Finally, CMS intends to provide additional information and guidance on the reporting requirements and timing of data review and correction to help applicable manufacturers, applicable GPOs, covered recipients and physician owners or investors understand how transactions should be reported. 

(3) Process.  

(i)     An applicable manufacturer, applicable group purchasing organization, covered recipient or a physician owner or investor may log into a secure website to view only the information reported specifically about itself.

(ii)   Covered recipients and physician owners or investors are able to review data submitted about them for the previous reporting year.

(iii) If the applicable manufacturer, applicable group purchasing organization, covered recipient, or physician owner or investor agrees with the information reported, the applicable manufacturer, applicable group purchasing organization, covered recipient, or physician owner or investor may electronically certify that the information reported is accurate.

(iv) If a covered recipient or physician owner or investor disagrees with the information reported, the covered recipient or physician owner or investor can initiate a dispute, which is sent to the appropriate applicable manufacturer or applicable group purchasing organization to be resolved between the parties.

(v)   Covered recipients and physician owners or investors may initiate disputes at any time after the 45-day period begins, but before the end of the calendar year, but any changes resulting from disputes initiated outside the 45-day period, may not be made until the next time the data is refreshed. 

(4) Data disputes.

(i)     In order to be corrected prior to the publication of the data, applicable manufacturers and applicable group purchasing organizations must notify CMS of resolved disputes and changes to the information submitted by no later than 15 days after the end of the 45-day period (that is, 60 days after the 45-day review period begins).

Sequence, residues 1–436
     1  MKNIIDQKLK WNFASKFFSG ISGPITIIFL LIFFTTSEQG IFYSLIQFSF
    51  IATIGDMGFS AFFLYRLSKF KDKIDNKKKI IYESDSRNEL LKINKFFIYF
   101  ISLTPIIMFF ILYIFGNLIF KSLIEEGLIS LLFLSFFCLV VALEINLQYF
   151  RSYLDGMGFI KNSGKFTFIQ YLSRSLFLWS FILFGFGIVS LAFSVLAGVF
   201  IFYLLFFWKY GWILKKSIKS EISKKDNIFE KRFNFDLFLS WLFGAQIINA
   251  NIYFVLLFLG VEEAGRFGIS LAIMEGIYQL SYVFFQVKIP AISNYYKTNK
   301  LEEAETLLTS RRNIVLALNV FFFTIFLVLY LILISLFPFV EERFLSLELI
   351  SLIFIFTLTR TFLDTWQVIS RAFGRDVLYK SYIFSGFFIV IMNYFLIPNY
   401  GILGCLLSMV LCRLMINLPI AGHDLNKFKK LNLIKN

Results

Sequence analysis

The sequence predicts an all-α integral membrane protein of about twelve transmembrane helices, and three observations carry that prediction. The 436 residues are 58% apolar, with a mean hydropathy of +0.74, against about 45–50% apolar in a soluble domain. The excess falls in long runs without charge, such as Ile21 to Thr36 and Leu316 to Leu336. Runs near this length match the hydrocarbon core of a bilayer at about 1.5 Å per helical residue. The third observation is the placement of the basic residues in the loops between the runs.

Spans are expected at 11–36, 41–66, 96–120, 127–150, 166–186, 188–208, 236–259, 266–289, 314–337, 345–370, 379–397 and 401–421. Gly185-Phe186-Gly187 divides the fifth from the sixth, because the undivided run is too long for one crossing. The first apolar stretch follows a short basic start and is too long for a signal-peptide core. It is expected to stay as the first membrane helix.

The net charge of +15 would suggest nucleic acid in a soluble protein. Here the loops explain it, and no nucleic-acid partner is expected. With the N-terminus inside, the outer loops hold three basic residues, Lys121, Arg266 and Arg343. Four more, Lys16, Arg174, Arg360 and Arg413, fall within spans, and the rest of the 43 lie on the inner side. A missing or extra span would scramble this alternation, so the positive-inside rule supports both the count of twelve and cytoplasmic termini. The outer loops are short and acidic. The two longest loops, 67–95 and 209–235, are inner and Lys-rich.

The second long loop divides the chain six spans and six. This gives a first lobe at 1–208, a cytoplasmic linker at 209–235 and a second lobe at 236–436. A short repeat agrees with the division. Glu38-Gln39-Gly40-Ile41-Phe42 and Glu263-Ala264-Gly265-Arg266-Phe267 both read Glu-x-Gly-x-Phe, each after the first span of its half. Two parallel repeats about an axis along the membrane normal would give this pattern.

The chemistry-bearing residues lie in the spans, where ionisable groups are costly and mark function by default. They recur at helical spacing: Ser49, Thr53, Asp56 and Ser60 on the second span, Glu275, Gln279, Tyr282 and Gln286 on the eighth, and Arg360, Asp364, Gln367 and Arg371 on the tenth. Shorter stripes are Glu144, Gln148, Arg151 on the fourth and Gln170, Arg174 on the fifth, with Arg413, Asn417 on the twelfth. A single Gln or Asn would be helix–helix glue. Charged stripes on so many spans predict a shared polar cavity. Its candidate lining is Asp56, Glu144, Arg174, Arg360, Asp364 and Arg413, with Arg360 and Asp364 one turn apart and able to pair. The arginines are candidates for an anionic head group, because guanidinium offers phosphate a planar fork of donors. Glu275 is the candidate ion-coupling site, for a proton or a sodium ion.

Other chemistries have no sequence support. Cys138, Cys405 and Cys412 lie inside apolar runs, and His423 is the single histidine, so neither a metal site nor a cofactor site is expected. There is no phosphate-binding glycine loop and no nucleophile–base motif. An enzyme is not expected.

(ii)   Disputes which are not resolved by 15 days after the end of the review and correction period, may still be resolved, but any changes resulting from the disputes may be made until the next time the data is refreshed.

(iii) If the dispute is not resolved by 15 days after the end of the 45-day review and correction period, CMS publicly reports and aggregates the applicable manufacturer's or applicable group purchasing organization's version of the payment or other transfer of value, or ownership or investment interest data, but marks the payment or other transfer of value or ownership or investment interest as disputed. 

Dispute Resolution 

After reviewing the comments, CMS recognized that it has “a responsibility to facilitate the capability for correcting the data and resolving disputes among the parties.”  However, CMS maintained that it should “not be actively engaged in mediating dispute resolutions” because the relationship exists between the applicable manufacturer or applicable GPO, and the covered recipient or physician owner or investor, not CMS. 

CMS clarified that it will provide the opportunity for covered recipients, or physician owners or inventors to review and correct the data submitted on their behalf.  CMS also “plans to monitor the rate of disputes and resolutions, including whether an applicable manufacturer or applicable GPO has an abnormally high number of disputes or has an abnormally high rate of unresolved disputes.”